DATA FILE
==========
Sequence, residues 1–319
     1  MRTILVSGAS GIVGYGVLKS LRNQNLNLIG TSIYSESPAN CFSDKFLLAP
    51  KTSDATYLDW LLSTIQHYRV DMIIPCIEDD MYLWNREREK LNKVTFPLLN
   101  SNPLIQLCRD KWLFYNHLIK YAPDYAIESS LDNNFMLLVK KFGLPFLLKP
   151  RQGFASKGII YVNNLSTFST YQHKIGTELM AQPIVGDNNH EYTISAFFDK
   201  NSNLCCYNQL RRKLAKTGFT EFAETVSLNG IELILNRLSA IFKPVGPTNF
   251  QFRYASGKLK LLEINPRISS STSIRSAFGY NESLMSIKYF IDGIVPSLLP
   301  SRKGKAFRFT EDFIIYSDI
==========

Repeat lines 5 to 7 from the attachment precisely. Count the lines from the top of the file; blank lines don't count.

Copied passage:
   151  RQGFASKGII YVNNLSTFST YQHKIGTELM AQPIVGDNNH EYTISAFFDK
   201  NSNLCCYNQL RRKLAKTGFT EFAETVSLNG IELILNRLSA IFKPVGPTNF
   251  QFRYASGKLK LLEINPRISS STSIRSAFGY NESLMSIKYF IDGIVPSLLP